“If we suck this month, drop us. Go somewhere else.”
T-Mobile CEO John Legere
And just like that, T-Mobile lit a rocket under the arses of the USA’s major mobile networks.
Now, the US market is very different from the UK/EU markets; carriers over here are well used to offering monthly and/or SIM only deals. Every mobile operator around the world should echo his customer-centric rallying cry – and the EU’s regulations on number portability help remove the pain of switching.
In my opinion though, the most innovative aspect of T-Mobile’s new plans are the way they completely decouple the cost of a handset from the cost of providing service. No more handset subsidies.
The last time I visited the USA, I was shocked at the number of adverts which proclaimed that you could get an “iPhone for 99¢” or the latest top-tier Android for “only $1″. This is, in Legere’s words “bullshit”. That low upfront cost is made back many times over by an inflated monthly service charge.
In the UK, here’s how we tend to advertise phones. Can you (quickly) work out the total cost of ownership of each plan?
(Source: O2 Website 2013-03-27)
The sum is quite simple: (£monthly * 24) + £phone = Total Cost of Ownership (TCO).
Let’s take a look at the last two plans. Get the phone for £30 or get it for £0. Unsurprisingly, lots of people pick the “free” phone. But how free is it? The two plans are fairly similarly priced, no?
(£47*24) + £30 = £1,158 (£52*24) + £0 = £1,248
The difference between the two plans’ TCO? £90! For exactly the same phone, with exactly the same number of minutes, texts, and data – you pay close to a hundred quid more to get a “free” phone.
If we take a cheaper plan, the “free” phone is even worse.
(£27*24) + £250 = £898 (£42*24) + £0 = £1,008
That’s a difference of £110 just to get a “free” handset.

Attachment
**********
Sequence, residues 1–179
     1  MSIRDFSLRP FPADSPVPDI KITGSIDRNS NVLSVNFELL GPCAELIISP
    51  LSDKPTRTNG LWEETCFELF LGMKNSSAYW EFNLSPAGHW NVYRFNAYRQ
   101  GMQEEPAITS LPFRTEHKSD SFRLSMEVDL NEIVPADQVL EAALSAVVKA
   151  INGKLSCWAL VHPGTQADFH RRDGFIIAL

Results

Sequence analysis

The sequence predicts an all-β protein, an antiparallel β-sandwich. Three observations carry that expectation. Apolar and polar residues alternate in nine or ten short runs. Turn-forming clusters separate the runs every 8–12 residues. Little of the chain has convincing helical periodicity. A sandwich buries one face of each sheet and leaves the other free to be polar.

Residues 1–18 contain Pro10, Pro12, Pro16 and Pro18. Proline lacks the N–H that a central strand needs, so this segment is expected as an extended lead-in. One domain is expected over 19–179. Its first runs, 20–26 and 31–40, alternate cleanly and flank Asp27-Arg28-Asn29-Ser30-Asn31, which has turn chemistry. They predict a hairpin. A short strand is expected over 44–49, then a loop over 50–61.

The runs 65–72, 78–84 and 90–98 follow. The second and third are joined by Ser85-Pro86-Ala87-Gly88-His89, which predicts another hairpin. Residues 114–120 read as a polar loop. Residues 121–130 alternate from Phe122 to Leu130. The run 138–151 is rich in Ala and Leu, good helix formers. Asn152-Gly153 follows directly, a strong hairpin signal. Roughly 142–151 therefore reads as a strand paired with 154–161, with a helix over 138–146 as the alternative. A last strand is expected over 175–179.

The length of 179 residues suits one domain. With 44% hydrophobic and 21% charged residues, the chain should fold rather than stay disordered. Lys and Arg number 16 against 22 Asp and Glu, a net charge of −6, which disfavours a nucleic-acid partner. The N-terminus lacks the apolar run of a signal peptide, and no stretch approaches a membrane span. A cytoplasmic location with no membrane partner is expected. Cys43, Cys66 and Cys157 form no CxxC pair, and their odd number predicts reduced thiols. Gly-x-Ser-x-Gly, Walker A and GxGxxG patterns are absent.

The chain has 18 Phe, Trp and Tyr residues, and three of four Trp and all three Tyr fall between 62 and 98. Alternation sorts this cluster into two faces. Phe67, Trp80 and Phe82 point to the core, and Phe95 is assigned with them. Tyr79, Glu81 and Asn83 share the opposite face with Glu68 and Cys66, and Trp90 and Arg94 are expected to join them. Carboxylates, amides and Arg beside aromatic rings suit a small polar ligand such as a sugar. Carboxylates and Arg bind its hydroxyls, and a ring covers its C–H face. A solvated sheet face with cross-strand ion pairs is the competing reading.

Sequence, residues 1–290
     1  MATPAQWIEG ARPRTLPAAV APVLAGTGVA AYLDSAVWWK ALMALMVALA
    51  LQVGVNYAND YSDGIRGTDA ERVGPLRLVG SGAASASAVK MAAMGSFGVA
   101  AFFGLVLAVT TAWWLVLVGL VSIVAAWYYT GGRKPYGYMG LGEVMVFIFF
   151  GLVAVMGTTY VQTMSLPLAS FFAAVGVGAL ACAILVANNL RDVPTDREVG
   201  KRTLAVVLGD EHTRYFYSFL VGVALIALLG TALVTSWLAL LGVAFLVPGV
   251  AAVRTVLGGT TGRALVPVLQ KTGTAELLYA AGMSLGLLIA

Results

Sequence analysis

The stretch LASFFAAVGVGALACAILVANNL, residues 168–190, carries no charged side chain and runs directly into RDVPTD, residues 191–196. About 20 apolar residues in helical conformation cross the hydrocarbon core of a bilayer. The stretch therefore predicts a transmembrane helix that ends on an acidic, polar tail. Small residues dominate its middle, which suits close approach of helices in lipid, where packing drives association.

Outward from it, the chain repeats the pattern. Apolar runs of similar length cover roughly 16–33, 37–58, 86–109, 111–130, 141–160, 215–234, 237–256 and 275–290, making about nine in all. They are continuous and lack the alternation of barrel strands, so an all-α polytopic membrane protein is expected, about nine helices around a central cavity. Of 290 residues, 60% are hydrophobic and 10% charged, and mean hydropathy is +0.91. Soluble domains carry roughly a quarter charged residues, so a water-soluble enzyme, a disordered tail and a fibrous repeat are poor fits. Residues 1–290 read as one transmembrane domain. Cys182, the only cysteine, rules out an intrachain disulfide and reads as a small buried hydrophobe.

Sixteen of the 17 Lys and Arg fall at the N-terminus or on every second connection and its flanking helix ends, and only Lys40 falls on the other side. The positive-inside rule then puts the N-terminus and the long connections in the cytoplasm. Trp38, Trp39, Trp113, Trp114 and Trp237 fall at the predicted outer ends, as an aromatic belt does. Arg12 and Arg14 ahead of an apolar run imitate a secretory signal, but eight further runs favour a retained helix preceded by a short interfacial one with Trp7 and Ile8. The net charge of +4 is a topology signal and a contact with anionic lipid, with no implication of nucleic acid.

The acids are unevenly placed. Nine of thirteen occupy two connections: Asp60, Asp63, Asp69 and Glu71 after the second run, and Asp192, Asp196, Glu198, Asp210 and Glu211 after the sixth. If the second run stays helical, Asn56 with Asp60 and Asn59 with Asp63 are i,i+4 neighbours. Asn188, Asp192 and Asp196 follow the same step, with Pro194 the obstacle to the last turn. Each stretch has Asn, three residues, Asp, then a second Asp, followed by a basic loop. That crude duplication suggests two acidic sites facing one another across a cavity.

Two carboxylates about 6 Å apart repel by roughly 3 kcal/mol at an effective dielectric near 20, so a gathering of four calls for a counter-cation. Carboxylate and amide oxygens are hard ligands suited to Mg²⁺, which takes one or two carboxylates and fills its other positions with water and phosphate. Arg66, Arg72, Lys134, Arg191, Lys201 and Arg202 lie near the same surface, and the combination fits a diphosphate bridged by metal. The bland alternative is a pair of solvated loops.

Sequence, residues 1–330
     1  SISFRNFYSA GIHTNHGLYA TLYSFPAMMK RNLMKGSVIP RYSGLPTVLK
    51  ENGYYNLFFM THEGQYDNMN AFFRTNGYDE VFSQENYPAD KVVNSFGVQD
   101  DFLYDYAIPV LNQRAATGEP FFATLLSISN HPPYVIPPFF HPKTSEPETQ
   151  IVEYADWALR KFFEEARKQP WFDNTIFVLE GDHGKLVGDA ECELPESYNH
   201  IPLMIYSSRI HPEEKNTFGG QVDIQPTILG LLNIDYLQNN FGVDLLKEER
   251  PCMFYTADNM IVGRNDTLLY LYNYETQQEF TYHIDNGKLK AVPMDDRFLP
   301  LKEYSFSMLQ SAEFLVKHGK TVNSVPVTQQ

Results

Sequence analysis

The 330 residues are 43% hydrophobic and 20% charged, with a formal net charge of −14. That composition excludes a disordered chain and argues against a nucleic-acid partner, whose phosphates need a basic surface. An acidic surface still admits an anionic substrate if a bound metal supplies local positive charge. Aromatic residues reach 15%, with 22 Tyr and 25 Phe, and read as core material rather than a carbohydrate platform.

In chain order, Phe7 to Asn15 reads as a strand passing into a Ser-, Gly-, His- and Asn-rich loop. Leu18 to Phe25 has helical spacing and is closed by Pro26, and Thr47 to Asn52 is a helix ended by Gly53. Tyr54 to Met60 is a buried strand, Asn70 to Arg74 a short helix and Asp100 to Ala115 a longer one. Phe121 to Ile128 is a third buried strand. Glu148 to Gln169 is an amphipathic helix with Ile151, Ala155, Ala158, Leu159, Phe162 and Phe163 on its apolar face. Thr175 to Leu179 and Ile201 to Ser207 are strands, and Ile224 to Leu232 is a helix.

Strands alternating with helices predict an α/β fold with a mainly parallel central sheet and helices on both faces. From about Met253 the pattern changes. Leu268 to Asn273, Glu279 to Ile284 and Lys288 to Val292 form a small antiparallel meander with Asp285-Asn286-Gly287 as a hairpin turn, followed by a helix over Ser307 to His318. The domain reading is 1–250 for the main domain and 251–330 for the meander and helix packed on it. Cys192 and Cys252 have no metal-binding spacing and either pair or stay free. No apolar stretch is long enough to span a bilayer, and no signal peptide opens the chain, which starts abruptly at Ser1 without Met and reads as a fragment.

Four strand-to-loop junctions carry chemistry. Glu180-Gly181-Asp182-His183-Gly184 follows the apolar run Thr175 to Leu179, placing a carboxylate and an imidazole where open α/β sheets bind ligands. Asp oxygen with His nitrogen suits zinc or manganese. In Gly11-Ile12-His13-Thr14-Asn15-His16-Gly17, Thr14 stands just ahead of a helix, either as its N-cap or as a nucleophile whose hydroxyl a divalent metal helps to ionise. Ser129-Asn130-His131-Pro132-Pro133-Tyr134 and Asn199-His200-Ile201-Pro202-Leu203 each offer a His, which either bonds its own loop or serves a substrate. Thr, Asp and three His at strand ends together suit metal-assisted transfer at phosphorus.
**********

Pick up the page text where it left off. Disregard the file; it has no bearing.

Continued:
It’s true that many people don’t have £250 up front, but taking a “free” phone is the equivalent of taking out a loan at 38% APR. Not as bad as Wonga, but certainly not the cheapest way to do things.
And yet, people go for the phone which looks the cheapest in the short term, rather than the device which will cost them the least money in the long term.
Can We End Subsidies In The UK?
Some European operators have had mixed success in removing subsidies. Spain is an excellent example of this – Telefonica (our sister company) has removed subsidies and seen an increase in subscriber numbers, whereas Vodafone Spain had to reintroduce subsidies after losing customers.
This is a trend which is sweeping Europe.
Could it work in the UK? Would customers be willing to pay up-front for their handsets? Would customers rather take out a loan from their mobile network and pay for the handset separately? Would customers compare prices across networks and simply choose the one which is cheapest today rather than looking at the TCO?
I think moving to removing subsidies is great for consumers. It lowers the price they pay and means that they’re not beholden to an evil operator gouging them for two years. And, if at any point the customer wants the latest phone – they don’t have to go through a complicated upgrade procedure – just slap down the cash.
For the operator, I think it’s also good news. It forces them to concentrate on customer service. They don’t need to extend large loans to the customer, nor do they need to compete on up-front cost. The downside, of course, is that the monthly revenue generated by the customer could be lower.
Crucially, for both, it makes pricing totally transparent.
The above pricing chart looks at iPhone prices. If you want to buy an iPhone directly, without subsidy, it will cost you around £600.
So, the sum for your new phone contract could be:
£600 phone + £12 per month
Certainly cheaper in the long run. But are we just too addicted to the lure of the “free” device?
Update 12 April: I’ve just seen that my colleagues in Telefónica UK have announced a new tariff that separates the phone from the airtime – O2 Refresh. It will be interesting to see how UK customers react to this new transparent pricing structure. This blog post was written solely in reaction to the events in USA and Europe. The opinions are those of the author and not Telefónica UK.